The assets are also insured, the cost of which is included in the purchase price. Therefore, if an investor’s asset is ever destroyed in a natural disaster, Fedgroup replaces it. This asset class also runs counter to market cycles and therefore offers diversification that is virtually unmatched.

Fedgroup’s Impact Farming platform offers a unique wealth creation tool for a new breed of investor.

* The projected returns of between 10% and 16% per year are the asset owner’s internal rate of return (IRR). This is the rate of return after the initial purchase price has been subtracted, and which also takes into account the time value of money. For instance, a R4 000 beehive is projected to produce a total income in excess of R9 000 over its 10-year term, which represents an average return of 23% per year. If the IRR calculation is applied, it provides the projected IRR of 15% p.a.

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What Is Genuine Wealth?

Genuine wealth accounts for what we value most and allows us to objectively assess our real assets (our strengths) and opportunities for developing our real wealth potential.

Dr John Demartini

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So often we toss certain common words around – like the words ‘genuine’ and ‘wealth’ – as if we fully understand what they mean. But, do we actually and fully understand the original, deeper meaning of these significant words? Maybe it would be wise and worthy to explore for just a moment what the two words ‘genuine’ and ‘wealth’ might have originally meant or at least could mean to us today. The word ‘genuine’ comes from the Latin word ‘genuinus’ which means ‘innate’ (true, actual or sincere). And the word ‘wealth’ comes from the Old English words ‘weal’ (well-being or whole-being) and ‘th’ (condition), which taken together means ‘the condition of well-being or wholeness’.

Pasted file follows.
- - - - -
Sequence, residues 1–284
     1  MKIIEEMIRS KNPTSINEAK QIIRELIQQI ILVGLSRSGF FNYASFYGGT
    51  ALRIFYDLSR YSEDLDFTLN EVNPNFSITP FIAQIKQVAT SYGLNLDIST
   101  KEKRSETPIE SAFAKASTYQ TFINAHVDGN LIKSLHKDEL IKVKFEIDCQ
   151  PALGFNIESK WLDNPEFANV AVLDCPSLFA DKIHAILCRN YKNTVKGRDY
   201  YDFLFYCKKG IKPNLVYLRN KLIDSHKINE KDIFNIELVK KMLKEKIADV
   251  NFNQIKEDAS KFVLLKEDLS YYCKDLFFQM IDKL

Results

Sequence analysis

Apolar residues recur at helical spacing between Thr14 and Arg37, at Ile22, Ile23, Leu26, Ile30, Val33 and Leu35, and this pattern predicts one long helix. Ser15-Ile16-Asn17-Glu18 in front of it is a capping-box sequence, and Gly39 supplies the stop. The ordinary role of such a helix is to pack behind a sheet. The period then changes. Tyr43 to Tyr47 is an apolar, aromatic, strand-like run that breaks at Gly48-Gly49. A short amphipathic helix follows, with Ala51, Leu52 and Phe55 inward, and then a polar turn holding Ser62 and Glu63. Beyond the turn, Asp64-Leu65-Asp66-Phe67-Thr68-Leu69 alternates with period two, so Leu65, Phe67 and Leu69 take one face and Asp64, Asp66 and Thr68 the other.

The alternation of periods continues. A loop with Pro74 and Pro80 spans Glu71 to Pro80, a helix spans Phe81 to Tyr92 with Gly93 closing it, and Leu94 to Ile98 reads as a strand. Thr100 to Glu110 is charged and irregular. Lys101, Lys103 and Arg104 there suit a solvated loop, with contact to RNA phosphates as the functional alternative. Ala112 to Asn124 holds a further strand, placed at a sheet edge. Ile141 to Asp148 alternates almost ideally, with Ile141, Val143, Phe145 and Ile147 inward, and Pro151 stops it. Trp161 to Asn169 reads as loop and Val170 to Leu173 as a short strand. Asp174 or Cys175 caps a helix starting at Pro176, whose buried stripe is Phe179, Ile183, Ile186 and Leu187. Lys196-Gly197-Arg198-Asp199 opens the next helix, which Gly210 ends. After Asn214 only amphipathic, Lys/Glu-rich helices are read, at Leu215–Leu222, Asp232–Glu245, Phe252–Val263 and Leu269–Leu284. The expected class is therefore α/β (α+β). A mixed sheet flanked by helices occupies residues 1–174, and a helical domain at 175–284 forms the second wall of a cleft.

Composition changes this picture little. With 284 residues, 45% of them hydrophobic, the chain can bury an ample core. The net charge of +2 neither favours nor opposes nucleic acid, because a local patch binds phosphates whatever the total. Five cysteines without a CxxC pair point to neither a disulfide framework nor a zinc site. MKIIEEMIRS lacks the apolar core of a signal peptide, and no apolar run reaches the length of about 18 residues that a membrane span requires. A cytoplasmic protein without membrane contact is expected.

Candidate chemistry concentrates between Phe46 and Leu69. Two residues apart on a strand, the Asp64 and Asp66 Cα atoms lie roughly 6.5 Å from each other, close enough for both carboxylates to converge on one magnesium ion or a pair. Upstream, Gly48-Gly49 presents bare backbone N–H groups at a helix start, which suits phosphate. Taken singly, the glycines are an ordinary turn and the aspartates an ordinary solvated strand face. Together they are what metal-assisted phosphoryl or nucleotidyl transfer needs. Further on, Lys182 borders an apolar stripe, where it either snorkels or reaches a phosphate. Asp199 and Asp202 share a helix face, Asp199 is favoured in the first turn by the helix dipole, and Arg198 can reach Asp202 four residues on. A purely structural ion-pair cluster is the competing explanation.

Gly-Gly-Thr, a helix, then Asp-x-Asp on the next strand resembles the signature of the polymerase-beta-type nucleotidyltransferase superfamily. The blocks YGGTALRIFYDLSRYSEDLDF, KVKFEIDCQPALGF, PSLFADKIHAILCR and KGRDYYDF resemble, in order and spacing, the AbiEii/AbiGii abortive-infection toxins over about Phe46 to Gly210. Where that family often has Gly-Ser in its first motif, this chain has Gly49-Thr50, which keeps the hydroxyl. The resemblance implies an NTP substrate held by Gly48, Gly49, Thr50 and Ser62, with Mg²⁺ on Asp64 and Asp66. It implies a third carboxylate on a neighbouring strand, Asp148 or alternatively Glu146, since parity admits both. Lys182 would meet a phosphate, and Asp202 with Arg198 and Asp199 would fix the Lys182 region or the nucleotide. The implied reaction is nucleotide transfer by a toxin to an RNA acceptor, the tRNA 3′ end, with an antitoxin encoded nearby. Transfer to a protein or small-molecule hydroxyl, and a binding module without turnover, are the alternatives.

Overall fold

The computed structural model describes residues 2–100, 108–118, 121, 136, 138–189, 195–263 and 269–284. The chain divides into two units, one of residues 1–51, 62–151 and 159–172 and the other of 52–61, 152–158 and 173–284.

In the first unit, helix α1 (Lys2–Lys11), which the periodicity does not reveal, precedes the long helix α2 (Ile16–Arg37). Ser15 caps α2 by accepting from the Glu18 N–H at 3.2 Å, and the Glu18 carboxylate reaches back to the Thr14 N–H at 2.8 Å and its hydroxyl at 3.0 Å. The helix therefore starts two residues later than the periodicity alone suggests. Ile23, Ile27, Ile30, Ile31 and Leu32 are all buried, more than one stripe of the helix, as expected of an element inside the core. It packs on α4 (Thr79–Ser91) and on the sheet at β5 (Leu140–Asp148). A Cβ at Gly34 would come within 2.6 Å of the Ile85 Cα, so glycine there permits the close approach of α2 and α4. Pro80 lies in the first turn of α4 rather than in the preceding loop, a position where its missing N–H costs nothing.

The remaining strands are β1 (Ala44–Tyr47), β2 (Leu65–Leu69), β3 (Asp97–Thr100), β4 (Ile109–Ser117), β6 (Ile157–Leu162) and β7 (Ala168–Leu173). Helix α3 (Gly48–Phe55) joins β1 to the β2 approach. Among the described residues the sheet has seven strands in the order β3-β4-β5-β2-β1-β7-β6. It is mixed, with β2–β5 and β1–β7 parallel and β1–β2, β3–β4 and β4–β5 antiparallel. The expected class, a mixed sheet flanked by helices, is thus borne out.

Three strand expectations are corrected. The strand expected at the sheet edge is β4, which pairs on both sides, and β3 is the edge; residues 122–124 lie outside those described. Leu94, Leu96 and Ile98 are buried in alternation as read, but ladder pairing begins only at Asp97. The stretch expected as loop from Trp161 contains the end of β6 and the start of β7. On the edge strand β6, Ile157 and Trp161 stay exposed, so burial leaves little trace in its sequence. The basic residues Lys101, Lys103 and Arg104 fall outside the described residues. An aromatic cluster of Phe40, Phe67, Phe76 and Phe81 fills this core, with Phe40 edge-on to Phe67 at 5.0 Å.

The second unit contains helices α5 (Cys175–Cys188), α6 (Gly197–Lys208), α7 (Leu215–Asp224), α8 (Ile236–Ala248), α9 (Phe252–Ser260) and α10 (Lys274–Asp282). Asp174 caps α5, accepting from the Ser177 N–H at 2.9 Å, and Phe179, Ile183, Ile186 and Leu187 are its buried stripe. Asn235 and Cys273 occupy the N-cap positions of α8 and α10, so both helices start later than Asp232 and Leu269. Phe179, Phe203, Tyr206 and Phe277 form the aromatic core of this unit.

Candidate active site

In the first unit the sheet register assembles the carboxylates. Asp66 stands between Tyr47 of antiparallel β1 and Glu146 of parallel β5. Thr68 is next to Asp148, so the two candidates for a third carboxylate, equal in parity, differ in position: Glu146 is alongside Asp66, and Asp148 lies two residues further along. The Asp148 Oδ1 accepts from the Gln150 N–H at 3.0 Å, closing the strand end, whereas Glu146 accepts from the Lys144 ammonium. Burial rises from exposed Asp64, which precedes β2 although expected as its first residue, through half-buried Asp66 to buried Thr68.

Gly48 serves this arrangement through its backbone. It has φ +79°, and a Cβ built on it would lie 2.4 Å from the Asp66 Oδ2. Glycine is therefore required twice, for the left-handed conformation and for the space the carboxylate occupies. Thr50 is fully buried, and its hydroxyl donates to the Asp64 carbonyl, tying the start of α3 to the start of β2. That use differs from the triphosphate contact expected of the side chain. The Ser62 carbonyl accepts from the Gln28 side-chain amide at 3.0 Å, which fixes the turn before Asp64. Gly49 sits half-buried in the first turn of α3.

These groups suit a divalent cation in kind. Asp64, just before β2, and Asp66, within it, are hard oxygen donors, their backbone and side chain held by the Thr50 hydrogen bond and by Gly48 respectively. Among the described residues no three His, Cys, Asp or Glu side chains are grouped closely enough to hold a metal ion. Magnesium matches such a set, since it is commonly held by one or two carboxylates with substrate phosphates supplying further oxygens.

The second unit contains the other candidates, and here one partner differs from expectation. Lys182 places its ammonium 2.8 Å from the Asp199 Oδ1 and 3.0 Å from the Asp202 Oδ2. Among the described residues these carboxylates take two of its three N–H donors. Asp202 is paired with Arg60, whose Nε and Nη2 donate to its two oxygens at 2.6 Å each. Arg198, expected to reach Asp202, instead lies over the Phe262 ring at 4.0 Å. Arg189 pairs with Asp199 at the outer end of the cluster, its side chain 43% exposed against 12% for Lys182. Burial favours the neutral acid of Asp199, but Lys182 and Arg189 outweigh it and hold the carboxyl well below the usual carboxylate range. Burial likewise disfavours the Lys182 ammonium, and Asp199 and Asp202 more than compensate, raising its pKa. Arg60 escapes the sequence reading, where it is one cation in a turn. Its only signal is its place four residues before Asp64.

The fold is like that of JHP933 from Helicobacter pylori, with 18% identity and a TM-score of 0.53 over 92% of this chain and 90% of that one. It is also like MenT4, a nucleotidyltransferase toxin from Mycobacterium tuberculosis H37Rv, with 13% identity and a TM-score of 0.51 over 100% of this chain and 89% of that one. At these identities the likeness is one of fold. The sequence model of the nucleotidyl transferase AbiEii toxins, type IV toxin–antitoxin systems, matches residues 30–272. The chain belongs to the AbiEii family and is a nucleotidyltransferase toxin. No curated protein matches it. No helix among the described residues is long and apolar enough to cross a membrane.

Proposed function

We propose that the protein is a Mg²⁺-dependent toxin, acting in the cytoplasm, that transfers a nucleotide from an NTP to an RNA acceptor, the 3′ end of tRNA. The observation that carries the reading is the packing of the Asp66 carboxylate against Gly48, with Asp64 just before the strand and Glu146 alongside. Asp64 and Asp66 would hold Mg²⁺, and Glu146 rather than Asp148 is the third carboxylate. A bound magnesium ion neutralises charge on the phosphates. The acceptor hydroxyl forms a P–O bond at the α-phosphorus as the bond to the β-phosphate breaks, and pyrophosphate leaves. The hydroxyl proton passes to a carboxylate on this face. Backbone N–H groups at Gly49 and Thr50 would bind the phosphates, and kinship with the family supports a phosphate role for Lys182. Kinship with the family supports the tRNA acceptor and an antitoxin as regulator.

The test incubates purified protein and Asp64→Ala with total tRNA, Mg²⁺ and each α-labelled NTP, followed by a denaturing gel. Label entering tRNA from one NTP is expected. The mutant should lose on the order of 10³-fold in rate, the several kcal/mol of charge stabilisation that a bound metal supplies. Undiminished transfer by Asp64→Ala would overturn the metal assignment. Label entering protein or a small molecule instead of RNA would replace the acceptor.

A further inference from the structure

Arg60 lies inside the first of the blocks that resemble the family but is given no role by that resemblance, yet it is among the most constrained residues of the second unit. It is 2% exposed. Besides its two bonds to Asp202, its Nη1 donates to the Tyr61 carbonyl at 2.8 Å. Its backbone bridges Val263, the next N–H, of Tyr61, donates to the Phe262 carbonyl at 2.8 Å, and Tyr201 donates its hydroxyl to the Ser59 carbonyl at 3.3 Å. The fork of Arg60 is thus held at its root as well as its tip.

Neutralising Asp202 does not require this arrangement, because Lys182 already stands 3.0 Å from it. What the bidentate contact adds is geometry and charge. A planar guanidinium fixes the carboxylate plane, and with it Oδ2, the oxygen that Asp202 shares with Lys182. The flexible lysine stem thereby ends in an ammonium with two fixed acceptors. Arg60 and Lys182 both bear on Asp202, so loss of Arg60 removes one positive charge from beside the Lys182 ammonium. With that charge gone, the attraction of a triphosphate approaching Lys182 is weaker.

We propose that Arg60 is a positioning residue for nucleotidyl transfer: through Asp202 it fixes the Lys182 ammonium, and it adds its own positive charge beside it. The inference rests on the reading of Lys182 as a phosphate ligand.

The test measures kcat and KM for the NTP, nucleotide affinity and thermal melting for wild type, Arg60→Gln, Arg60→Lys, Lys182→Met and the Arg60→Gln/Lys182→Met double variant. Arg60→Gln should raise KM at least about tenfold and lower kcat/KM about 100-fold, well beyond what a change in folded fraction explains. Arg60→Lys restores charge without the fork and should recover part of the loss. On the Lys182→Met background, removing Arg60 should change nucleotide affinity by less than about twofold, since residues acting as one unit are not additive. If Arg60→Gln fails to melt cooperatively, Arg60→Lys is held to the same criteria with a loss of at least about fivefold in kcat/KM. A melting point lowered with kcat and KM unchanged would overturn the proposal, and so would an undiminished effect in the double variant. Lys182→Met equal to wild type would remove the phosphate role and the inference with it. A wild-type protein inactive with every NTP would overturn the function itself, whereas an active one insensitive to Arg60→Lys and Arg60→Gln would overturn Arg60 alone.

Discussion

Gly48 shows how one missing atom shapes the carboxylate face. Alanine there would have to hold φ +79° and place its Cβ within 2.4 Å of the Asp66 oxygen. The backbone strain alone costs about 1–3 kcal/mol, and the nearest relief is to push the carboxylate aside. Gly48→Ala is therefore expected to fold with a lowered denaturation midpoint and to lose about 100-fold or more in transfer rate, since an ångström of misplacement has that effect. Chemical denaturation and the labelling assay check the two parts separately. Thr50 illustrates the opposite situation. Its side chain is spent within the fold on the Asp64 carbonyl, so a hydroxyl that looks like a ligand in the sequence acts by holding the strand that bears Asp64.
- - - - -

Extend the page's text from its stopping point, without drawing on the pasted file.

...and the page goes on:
Of course, when the two terms are combined, ‘genuine wealth’ could now be perceived as relative, and as having widely different applications. Originally, genuine wealth signified real or sincere well-being and was applied to eternal spiritual as well as temporal material welfare. Later wealth was used in the sense of large material possessions, or of what seemed large to those who had little. It has been stated, ‘without ambition, without aspirations, life is not worth living’. The noblest of all ambitions is liberation or freedom from physical or social bondage, slavery and constraint and this independence demands genuine wealth or the empowerment of all areas and aspects of our lives.

Genuine wealth is a vital force, one of the greatest of forces for the enfoldment of culture and the birthing of liberty. Genuine wealth dominates everywhere, exercising its forceful influence on both spirit (the liberated or inspired mind) and physical resources, or matter. In the genuine wealth of the world is the accumulated power of civilisation. Genuine wealth is the measure of human progress and possibility. Where there are no storehouses of genuine wealth, there can be no storehouses of fulfillment, nor inspired beings or great knowledge. And where there is no learning, there can be no individual or social progress. The existence of culture, whether it is part of a nation, or now a global society, begins with the creation of genuine wealth, i.e. individual and even cultural wholeness.